We had a crate for the cat also, but the cat didn't claim it, would go sleep in any crate that was handy.

    It is better if dogs are used to their crates, for emergencies, but for every day, you can adjust as it seems best, there is no firm rule that demands we keep dogs in crates.


    • #3
      How old is he? It's hard to say without knowing what your barn is like. Remember that a puppy might start eating stuff - even stuff you don't "care" about that might be left out - and end up hurting himself. So, if you have anything at all that he could get into - halters, lead ropes, extension cords especially, or any type of poison - it might be an issue. It could be a lot of freedom for a young dog.
      Do you have anywhere that you could set up a dog run? I do think that it is important to crate train, but you might find that during the day, you'll have more success if he has a little bigger area.


      • #4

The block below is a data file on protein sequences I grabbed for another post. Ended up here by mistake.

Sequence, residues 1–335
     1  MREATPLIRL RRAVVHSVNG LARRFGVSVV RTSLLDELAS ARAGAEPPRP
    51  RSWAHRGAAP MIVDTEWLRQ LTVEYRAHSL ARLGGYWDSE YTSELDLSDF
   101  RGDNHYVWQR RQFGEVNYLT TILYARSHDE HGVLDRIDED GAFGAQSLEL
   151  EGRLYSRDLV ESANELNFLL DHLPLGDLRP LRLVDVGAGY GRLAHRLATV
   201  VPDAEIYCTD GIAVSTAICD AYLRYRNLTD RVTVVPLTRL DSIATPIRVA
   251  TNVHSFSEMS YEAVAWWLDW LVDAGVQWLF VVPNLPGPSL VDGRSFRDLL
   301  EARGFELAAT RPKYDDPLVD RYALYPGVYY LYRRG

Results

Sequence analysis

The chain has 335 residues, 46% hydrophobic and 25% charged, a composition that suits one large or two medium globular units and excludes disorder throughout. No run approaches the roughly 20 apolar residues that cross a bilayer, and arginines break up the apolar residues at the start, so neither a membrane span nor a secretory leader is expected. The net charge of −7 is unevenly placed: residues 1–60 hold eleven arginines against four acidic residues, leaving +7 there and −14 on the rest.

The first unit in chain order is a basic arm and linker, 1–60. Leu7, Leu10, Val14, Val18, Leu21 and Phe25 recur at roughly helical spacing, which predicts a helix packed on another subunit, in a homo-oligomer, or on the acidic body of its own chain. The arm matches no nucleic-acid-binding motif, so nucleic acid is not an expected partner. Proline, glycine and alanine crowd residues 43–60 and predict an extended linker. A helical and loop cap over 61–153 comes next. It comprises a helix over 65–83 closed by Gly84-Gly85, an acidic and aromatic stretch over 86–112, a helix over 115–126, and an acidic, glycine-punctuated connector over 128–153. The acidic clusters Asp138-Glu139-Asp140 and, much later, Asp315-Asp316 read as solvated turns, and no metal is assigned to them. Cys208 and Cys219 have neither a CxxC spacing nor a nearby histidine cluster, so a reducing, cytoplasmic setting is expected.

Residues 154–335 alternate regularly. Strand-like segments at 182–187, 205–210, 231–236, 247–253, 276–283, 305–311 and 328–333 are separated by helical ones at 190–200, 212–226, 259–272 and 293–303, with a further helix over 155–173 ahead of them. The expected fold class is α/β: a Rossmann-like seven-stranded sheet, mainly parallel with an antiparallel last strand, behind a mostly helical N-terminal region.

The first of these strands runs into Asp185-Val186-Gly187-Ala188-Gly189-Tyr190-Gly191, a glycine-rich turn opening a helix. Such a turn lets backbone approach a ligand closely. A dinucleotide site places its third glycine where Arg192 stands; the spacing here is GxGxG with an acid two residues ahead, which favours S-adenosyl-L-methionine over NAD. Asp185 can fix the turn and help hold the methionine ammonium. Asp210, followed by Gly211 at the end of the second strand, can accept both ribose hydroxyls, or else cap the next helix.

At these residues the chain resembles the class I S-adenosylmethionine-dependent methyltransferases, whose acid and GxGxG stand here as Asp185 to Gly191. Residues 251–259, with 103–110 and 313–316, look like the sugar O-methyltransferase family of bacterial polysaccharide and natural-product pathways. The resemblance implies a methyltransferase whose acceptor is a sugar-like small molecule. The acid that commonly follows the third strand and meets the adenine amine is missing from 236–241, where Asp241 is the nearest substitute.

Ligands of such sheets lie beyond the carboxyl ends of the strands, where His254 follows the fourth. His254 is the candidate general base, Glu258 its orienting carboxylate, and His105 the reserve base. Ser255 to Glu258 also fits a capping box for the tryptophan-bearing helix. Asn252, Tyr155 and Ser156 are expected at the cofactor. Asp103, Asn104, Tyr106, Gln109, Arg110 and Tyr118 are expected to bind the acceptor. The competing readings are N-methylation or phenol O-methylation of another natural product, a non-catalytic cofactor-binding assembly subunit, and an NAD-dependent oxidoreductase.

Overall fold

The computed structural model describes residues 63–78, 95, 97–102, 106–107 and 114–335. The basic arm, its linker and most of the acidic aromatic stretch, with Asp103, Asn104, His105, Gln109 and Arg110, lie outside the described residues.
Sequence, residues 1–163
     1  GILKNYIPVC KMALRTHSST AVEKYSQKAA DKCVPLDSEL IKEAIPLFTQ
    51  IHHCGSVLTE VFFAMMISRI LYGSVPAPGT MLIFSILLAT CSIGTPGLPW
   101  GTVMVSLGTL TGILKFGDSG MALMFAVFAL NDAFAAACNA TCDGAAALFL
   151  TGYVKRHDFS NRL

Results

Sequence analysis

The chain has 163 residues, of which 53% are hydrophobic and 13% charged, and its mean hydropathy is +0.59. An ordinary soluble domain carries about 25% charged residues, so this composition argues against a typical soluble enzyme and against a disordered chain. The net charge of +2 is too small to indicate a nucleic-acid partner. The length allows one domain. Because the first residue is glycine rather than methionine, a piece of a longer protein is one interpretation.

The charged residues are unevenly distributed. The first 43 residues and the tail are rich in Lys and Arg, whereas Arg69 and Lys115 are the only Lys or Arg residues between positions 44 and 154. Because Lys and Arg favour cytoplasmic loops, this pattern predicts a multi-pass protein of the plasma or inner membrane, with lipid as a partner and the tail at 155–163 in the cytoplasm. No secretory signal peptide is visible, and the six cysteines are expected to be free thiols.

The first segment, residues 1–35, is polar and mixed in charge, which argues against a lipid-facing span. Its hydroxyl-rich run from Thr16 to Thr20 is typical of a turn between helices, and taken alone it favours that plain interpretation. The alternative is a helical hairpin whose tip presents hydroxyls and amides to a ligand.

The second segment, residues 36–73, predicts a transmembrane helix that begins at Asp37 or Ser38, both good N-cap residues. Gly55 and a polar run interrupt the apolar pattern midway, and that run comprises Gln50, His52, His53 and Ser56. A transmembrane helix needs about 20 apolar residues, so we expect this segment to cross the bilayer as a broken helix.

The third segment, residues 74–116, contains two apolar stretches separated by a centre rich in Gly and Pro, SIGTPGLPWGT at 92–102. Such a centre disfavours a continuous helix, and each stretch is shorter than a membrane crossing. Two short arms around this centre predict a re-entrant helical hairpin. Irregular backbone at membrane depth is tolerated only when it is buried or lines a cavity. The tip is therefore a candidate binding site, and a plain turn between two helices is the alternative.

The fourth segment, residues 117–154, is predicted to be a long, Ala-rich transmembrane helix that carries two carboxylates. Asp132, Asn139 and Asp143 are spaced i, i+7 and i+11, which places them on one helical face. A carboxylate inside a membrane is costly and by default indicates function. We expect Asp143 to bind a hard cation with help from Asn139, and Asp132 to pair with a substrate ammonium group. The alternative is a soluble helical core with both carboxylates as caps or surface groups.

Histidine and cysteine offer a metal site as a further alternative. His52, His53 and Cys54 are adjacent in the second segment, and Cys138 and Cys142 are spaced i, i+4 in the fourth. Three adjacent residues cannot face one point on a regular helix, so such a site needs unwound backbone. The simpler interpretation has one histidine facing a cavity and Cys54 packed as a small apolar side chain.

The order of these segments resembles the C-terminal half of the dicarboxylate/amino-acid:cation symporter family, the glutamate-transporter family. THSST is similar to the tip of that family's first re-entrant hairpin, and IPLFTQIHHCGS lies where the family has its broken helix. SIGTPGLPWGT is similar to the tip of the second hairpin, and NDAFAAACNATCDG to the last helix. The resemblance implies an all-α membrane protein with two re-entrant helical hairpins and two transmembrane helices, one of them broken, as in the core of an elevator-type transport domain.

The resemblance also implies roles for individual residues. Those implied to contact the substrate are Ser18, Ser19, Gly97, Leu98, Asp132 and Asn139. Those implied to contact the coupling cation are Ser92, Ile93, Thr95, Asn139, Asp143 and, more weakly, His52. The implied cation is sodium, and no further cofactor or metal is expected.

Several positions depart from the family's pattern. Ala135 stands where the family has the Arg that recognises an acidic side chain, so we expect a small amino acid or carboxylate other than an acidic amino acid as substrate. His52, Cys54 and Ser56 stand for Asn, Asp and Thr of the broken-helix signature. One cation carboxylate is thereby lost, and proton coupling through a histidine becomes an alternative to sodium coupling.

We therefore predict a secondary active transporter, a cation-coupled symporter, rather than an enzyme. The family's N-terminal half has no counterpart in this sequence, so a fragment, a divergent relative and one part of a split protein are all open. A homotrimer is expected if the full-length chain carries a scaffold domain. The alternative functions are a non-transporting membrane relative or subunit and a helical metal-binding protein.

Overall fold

I like what Bluey suggested. Set the crate up in the barn.

        My 3.5 mo pup has a crate inside of an ex-pen in the breakfast nook by my kitchen (inside the house). The crate is left open and she goes inside and out as she pleases but remains inside the ex-pen. All of this is set up on top of a 6' x 9' scrap of Lineolium in case of accidents. Actually I leave a small bit of newspaper in the ex-pen for just in case I don't get home in time moments. My pup is from a breeder who raised then this way, so she likes the crate. I also have a crate in the bedroom and one in basement. And the back of my car.

        But I'd do lots of positive crate training with your dog, spend 5 min here and there sitting next to open crate, toss goodies in there, let the dog stay inside few seconds and then release. It's exactly like teaching a total greenie to load onto a trailer. Just do little bit at a time, lots of praise for going in the crate. Every time I crate I leave a new extra special treat in there for the pup to find.


        • Original Poster

          He's about a year old. 16 lbs, 13" tall. He looks like a tall, refined JRT, except he's black with white markings. I think he migh be a patterton.. DH bought him a medium size crate, but I also have the large one from our old Akita.